Windows Defender Hack: How it works and what you need to know

Simply receiving an email could have allowed hackers to take over your PC, according to security researchers.

The exploit, which was patched by Microsoft before being made public, sounds pretty scary and is a bit of an open goal as far as security vulnerabilities go.

Microsoft said it hadn’t seen any examples of this hack before patching it, so it’s unlikely anybody actually fell victim to an attack.

How did the hack work?

The culprit is Microsoft Malware Protection Engine (MMPE), which is the technology behind Windows Defender, installed on all Windows PCs by default.

The vulnerability was discovered by two security researchers, Natalie Silvanovich and Tavis Ormandy on Google’s Project Zero. It showed that a cleverly-crafted email or instant message attachment could worm its way through Windows Defender without detection.

Amazingly, you don’t even have to open the attachment, it simply has to be received (via a messenger app or email application that’s scanned by Defender) and be scanned in order to take control. If you had real-time protection enabled in Defender, the exploit would have been activated immediately. If you didn’t the next time the file was scanned in a scheduled system scan would have woken it up.

Because MMPE is given the highest level of access, it has absolute control over the system. If you’re able to bypass it, you can do pretty much anything you like.

It’s a scary attack because there’s essentially nothing you can do to prevent it, aside from hope that people who email you aren’t trying to hack you.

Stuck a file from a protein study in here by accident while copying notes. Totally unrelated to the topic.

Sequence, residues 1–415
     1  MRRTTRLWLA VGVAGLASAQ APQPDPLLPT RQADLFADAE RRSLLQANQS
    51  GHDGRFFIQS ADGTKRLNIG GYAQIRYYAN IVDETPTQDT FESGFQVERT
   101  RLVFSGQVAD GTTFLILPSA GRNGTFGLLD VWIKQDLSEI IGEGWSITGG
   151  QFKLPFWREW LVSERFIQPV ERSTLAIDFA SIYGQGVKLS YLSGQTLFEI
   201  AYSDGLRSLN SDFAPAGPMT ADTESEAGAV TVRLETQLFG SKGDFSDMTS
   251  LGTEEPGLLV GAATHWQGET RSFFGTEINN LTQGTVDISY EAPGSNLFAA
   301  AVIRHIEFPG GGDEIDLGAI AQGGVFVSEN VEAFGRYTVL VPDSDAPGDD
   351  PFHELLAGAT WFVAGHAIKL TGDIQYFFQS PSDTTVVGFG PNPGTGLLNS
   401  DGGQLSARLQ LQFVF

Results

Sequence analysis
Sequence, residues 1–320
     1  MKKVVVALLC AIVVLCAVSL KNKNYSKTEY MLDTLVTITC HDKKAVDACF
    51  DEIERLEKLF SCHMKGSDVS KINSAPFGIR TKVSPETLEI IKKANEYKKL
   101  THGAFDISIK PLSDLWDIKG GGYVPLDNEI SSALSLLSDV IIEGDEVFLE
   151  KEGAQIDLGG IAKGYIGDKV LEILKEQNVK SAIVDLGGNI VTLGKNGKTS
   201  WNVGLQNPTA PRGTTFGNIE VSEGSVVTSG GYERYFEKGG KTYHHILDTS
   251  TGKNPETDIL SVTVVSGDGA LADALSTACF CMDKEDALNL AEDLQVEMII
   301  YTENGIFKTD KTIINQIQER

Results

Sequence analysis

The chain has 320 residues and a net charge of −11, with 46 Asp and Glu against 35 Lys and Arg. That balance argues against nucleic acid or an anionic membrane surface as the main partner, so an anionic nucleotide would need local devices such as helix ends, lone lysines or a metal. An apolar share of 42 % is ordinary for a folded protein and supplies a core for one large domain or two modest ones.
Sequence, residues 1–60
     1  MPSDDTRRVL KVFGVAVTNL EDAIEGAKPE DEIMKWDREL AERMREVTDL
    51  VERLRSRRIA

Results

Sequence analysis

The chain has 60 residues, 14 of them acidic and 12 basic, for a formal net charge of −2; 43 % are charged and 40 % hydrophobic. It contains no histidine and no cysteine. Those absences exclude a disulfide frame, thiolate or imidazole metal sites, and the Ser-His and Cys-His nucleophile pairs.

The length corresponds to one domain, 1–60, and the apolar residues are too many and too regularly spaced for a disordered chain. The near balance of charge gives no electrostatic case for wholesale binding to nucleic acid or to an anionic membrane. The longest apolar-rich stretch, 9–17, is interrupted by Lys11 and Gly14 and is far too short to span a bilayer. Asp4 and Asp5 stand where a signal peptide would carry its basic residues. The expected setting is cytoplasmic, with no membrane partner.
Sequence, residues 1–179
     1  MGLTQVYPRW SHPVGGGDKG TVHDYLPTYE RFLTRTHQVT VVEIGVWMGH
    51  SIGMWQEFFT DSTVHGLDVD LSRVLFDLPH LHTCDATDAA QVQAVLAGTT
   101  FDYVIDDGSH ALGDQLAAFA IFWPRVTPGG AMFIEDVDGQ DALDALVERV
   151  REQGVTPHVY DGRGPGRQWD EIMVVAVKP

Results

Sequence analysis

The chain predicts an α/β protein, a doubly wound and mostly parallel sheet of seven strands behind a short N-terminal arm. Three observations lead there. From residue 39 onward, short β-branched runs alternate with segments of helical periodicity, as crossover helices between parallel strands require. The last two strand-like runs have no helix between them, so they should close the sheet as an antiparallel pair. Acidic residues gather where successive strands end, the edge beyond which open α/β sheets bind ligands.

What should I do?

Nothing: Windows Defender is updated automatically several times a day and Microsoft has already issued a patch to prevent this exploit from being used.

You shouldn’t stop using Defender, as it provides a good level of baseline protection, and this vulnerability is now fixed.

It’s also not clear whether having another piece of antivirus software installed would have prevented this attack.

What can we learn?

Nobody is immune. In our recent Best Free Antivirus test, data suggested Windows Defender was doing nearly as good a job as the likes of Avast and Avira.

What it shows is that any piece of security software is vulnerable to unknown attacks. Antivirus ratings are all well and good, but the companies that conduct the tests can only use known malware to see how good each piece of software. As new viruses are developed all the time, it’s inevitable that some might try and holes in security software.

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What anti-virus software do you use? Tell us your thoughts on it in the comments below.